Risk Factors and Pooled Rate of Prolonged Opioid Use Following Trauma or Surgery: A Systematic Review and Meta-(Regression) Analysis

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Abstract

Background:

Prolonged use of opioids initiated for surgical or trauma-related pain management has become a global problem. While several factors have been reported to increase the risk of prolonged opioid use, there is considerable inconsistency regarding their significance or effect size. Therefore, we aimed to pool the effects of risk factors for prolonged opioid use following trauma or surgery and to assess the rate and temporal trend of prolonged opioid use in different settings.

Methods:

Following PRISMA (Preferred Reporting Items for Systematic Reviews and Meta-Analyses) guidelines, we searched Embase, PubMed, Web of Science, EBM (Evidence-Based Medicine) Reviews - Cochrane Database of Systematic Reviews, and ClinicalTrials.gov from inception to August 28, 2017, without language restriction. Observational studies reporting risk factors for, or the rate of, prolonged opioid use among adult patients following surgery or trauma with a minimum of 1 month of follow-up were included. Study and patient characteristics, risk factors, and the rate of prolonged opioid use were synthesized.

Results:

Thirty-seven studies with 1,969,953 patients were included; 4.3% (95% confidence interval [CI] = 2.3% to 8.2%) of patients continued opioid use after trauma or surgery. Prior opioid use (number needed to harm [NNH] = 3, odds ratio [OR] = 11.04 [95% CI = 9.39 to 12.97]), history of back pain (NNH = 23, OR = 2.10 [95% CI = 2.00 to 2.20]), longer hospital stay (NNH = 25, OR = 2.03 [95% CI = 1.03 to 4.02]), and depression (NNH = 40, OR = 1.62 [95% CI = 1.49 to 1.77]) showed some of the largest effects on prolonged opioid use (p < 0.001 for all but hospital stay [p = 0.042]). The rate of prolonged opioid use was higher in trauma (16.3% [95% CI = 13.6% to 22.5%]; p < 0.001) and in the Workers’ Compensation setting (24.6% [95% CI = 2.0% to 84.5%]; p = 0.003) than in other subject enrollment settings. The temporal trend was not significant for studies performed in the U.S. (p = 0.07) while a significant temporal trend was observed for studies performed outside of the U.S. (p = 0.014).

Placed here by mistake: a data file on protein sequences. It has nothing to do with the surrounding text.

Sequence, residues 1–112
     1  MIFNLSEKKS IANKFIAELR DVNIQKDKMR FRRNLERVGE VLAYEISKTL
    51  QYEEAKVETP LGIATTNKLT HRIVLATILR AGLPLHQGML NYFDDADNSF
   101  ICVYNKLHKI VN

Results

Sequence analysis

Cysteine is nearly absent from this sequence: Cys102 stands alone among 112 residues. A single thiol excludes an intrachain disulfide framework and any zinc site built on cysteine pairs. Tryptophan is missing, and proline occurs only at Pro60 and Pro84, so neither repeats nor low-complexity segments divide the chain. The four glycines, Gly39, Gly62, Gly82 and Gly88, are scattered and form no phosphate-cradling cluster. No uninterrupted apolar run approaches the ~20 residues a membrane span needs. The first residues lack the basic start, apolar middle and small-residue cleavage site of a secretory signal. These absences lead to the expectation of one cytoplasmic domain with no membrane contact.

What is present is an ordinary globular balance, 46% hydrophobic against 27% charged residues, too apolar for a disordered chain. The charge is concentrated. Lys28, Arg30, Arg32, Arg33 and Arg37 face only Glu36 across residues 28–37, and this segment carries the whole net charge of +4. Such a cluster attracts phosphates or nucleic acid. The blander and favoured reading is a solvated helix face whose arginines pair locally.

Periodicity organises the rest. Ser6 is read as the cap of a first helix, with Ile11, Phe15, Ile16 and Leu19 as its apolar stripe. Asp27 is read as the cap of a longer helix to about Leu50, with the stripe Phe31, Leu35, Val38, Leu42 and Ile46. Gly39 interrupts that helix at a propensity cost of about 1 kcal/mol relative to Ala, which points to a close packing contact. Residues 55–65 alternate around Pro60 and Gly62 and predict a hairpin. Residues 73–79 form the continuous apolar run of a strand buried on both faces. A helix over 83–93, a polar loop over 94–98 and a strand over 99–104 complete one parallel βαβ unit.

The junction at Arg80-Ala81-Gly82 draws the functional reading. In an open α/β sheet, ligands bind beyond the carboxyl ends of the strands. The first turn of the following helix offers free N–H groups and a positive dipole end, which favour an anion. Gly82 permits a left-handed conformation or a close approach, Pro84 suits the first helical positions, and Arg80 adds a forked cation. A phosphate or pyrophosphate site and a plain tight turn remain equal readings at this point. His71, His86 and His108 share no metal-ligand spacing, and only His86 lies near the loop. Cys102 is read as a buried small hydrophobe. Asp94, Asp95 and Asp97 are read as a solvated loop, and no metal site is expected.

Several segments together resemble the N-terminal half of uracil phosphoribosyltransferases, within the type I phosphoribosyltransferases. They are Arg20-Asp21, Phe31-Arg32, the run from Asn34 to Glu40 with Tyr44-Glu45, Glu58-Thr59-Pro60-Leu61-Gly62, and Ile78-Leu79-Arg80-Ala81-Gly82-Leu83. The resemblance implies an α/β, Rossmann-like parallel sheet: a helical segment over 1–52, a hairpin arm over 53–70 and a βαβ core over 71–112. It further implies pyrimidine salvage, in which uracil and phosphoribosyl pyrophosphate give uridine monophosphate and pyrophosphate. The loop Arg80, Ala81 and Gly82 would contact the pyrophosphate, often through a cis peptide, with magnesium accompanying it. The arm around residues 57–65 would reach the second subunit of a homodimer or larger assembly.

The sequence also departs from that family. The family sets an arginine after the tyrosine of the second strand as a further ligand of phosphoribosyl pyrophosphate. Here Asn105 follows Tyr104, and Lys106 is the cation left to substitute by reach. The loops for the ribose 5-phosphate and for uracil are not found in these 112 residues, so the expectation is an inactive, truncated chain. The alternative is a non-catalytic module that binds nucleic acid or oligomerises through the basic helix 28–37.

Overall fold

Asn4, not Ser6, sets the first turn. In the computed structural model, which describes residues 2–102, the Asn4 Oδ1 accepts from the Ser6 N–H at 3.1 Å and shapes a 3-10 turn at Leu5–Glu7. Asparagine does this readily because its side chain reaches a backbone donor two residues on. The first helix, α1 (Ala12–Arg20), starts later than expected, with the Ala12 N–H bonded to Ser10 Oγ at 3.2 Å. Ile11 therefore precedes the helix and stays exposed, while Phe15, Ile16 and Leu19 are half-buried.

Conclusions:

To our knowledge, this is the first meta-analysis reporting the pooled effect of risk factors that place patients at an increased chance for prolonged opioid use. Understanding the pooled effect of risk factors and their respective NNH values can aid patients and physicians in developing effective and individualized pain-management strategies with a lower risk of prolonged opioid use.

Level of Evidence:

Prognostic Level III. See Instructions for Authors for a complete description of levels of evidence.

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